Video game improves doctors' recognition and triage of severe trauma patients
Playing an adventure video game featuring a fictitious, young emergency physician treating severe trauma patients was better than text-based learning at priming real doctors to quickly recognize the patients who needed higher levels of care, according to a new trial led by the University of Pittsburgh School of Medicine.
The results, published today by The BMJ, held even though doctors assigned to the game enjoyed it less than those assigned to traditional, text-based education. This indicates that if game enjoyment can be improved, the already favorable results might be enhanced.
"Physicians must make decisions quickly and with incomplete information. Each year, 30,000 preventable deaths occur after injury, in part because patients with severe injuries who initially present to non-trauma centers are not promptly transferred to a hospital that can provide appropriate care," said lead author Deepika Mohan, M.D., M.P.H., assistant professor in Pitt's departments of Critical Care Medicine and Surgery. "An hour of playing the video game recalibrated physicians' brains to such a degree that, six months later, they were still out-performing their peers in recognizing severe trauma."
Mohan created the game Night Shift with Schell Games, a Pittsburgh-based educational and entertainment game development company. The game is designed to tap into the part of the brain that uses pattern recognition and previous experience to make snap decisions using subconscious mental shortcuts - a process called heuristics.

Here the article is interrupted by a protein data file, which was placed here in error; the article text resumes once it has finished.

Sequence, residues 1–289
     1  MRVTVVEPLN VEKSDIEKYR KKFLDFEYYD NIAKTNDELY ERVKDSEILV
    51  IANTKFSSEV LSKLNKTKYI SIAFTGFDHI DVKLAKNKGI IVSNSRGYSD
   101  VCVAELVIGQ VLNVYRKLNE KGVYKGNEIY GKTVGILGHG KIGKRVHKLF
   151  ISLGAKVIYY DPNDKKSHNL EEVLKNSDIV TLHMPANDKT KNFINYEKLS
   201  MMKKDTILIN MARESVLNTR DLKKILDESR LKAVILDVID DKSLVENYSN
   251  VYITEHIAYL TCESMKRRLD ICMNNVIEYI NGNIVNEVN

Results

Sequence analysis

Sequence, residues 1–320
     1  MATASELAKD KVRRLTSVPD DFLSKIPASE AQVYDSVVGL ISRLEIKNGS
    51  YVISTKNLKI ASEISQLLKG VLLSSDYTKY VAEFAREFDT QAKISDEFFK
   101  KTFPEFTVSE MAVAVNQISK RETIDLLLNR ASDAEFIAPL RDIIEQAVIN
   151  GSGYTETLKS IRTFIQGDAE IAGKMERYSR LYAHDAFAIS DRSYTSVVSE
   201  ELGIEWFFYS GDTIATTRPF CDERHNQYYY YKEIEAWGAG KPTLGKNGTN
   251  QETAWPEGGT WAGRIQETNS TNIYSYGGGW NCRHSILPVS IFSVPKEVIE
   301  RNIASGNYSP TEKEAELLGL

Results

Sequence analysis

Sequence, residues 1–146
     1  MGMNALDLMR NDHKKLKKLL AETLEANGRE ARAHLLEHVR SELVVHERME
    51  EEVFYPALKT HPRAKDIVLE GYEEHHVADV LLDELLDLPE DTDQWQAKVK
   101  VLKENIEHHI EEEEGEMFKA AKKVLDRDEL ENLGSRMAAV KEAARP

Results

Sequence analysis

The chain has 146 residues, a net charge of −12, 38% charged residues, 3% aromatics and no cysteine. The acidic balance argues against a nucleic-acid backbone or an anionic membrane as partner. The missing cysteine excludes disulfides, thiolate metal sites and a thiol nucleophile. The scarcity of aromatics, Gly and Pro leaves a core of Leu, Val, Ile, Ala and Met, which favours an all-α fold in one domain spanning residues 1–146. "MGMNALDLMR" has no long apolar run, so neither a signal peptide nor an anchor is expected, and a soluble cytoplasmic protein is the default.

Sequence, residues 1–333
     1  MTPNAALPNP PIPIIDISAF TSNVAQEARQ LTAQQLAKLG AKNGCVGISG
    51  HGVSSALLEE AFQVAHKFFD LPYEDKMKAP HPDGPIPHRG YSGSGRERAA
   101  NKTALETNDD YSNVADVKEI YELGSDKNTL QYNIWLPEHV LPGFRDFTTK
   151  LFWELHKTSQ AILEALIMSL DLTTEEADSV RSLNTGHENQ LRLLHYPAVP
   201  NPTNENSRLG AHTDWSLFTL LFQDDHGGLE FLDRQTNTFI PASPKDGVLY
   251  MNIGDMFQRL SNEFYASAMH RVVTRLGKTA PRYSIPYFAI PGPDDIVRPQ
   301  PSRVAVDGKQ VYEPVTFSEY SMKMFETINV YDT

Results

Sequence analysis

Physicians in non-trauma centers typically see only about one severe trauma per 1,000 patients. As a result, their heuristic abilities can become skewed toward obvious injuries such as gunshot wounds, and miss equally severe traumas such as internal injuries from falls. On average, 70 percent of severely injured patients who present to non-trauma centers are under-triaged and not transferred to trauma centers as recommended by clinical practice.
Both the game and the text-based learning are intended to help physicians improve their decision making regarding severe traumas. The game, however, sought to do this through narrative engagement, or the use of stories to promote behavior change, which has shown promise in recalibrating heuristics.
Mohan's team recruited 368 emergency medicine physicians from across the country who did not work at hospitals with trauma specialization. Half were assigned to play the game and half were asked to spend at least an hour reading the educational materials.
Participants then responded to questionnaires and completed a simulation that tested how often they "under-triaged," or failed to send severe trauma patients to hospitals with the resources necessary to handle them. Physicians who played the game under-triaged 53 percent of the time, compared with 64 percent for those who read the educational materials.
Six months later, Mohan reassessed the physicians and found that the effect of the game persisted, with those who played the game under-triaging 57 percent of the time, compared to 74 percent for those who had read the educational materials.
"There are many reasons beyond the doctor's heuristics as to why a severe trauma patient wouldn't be transferred to a trauma center, ranging from not having an ambulance available to a lack of proper diagnostic tools," said Mohan. "So, it is important to emphasize that recalibrating heuristics won't completely solve the under-triage problem and that the problem isn't entirely due to physicians' diagnostic skills. But it's heartening to know we're on track to develop a game that shows promise at improving on current educational training."